At least 32 mosques have been infiltrated by either undercover officers, informants, or both, according to documents, which are dated between 2003 and 2006 and marked “secret.”

The NYPD has also been monitoring Muslim student associations at seven local colleges: City, Baruch, Hunter, Queens, LaGuardia, St. John’s and Brooklyn.

The department calls the two student groups at Brooklyn and Baruch colleges “of concern” and has sent undercover detectives to spy on them, the documents reveal. Continue reading

Alert: FBI has reasons to track you, and they are not “terror” or “crime”

On July 2nd,  NBC Nightly News aired a new piece on the issue of the warrantless use of GPS tracking devices by law enforcement featuring Yasir Afifi:

Here is the extended interview with Yasir Afifi:

And here is an extremely relevant background report on government spying, released in December 2010 by the Washington Post:Finger Print

Monitoring America

Monday, December 20, 2010; 1:40 AM

Correction to this article: An earlier version of this article contained several incorrect numbers that have since been updated. The errors occurred because of the accidental duplication of 74 records in a database of over 4,000 counterterrorism organizations that The Post assembled. While not affecting the overall conclusions of the article, the 74 duplications mean that there are 3,984 federal, state and local organizations working on domestic counterterrorism, not 4,058. Of the total, the number created since the 2001 attacks is 934, not 935.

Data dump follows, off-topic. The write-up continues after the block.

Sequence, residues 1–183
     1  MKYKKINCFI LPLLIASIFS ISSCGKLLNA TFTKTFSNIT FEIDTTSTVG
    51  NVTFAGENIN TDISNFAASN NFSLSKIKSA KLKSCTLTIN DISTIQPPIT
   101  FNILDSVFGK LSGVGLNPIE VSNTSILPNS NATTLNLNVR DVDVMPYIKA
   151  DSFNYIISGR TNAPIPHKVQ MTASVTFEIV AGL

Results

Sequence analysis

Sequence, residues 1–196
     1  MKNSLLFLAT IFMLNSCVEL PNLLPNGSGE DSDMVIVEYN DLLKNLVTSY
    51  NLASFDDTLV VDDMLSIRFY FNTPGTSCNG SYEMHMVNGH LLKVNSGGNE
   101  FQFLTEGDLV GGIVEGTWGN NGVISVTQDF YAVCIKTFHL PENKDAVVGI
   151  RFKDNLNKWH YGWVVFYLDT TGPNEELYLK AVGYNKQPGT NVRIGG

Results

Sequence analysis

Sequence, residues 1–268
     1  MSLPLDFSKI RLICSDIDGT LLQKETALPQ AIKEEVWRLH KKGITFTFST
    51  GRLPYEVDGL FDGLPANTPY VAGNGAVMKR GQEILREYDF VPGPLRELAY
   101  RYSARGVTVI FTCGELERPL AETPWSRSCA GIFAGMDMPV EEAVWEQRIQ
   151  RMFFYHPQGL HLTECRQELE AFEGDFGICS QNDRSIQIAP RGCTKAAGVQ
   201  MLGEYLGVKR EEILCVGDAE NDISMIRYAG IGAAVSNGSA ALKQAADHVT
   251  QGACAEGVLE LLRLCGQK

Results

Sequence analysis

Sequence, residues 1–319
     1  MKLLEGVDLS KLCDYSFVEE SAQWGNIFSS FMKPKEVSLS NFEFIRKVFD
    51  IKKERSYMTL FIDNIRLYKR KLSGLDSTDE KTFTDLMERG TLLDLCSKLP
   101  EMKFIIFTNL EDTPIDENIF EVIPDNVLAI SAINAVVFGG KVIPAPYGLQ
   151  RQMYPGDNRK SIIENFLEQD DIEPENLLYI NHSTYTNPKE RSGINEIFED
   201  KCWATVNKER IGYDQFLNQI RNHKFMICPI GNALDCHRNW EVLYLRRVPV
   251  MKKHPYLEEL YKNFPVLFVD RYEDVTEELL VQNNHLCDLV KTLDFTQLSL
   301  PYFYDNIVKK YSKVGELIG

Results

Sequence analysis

Nine years after the terrorist attacks of 2001, the United States is assembling a vast domestic intelligence apparatus to collect information about Americans, using the FBI, local police, state homeland security offices and military criminal investigators.

The system, by far the largest and most technologically sophisticated in the nation’s history, collects, stores and analyzes information about thousands of U.S. citizens and residents, many of whom have not been accused of any wrongdoing.

The government’s goal is to have every state and local law enforcement agency in the country feed information to Washington to buttress the work of the FBI, which is in charge of terrorism investigations in the United States. Continue reading

“Is Your Community Under Government Attack?”

“Know Your Rights When the FBI Knocks”

 
In this presentation, Zahra Billoo of the Council on American-Islamic Relations (San Francisco Bay Area) discusses the government targeting of Arab and Muslim communities in the US. This targeting continues a long history of many state-targetted communities and peoples who have faced denial of rights, ethnic/cultural/political profiling, intrusive surveillance, physical attacks, arrests, imprisonments, and deportations–and who have struggled to maintain their unity and the ways to defend themselves and to resist such attacks.

The program was sponsored by the Committee to Stop FBI Repression, in Oakland, California, in February 2011.

The video is by Collision Course Media, and is one of the “Know Your Rights” series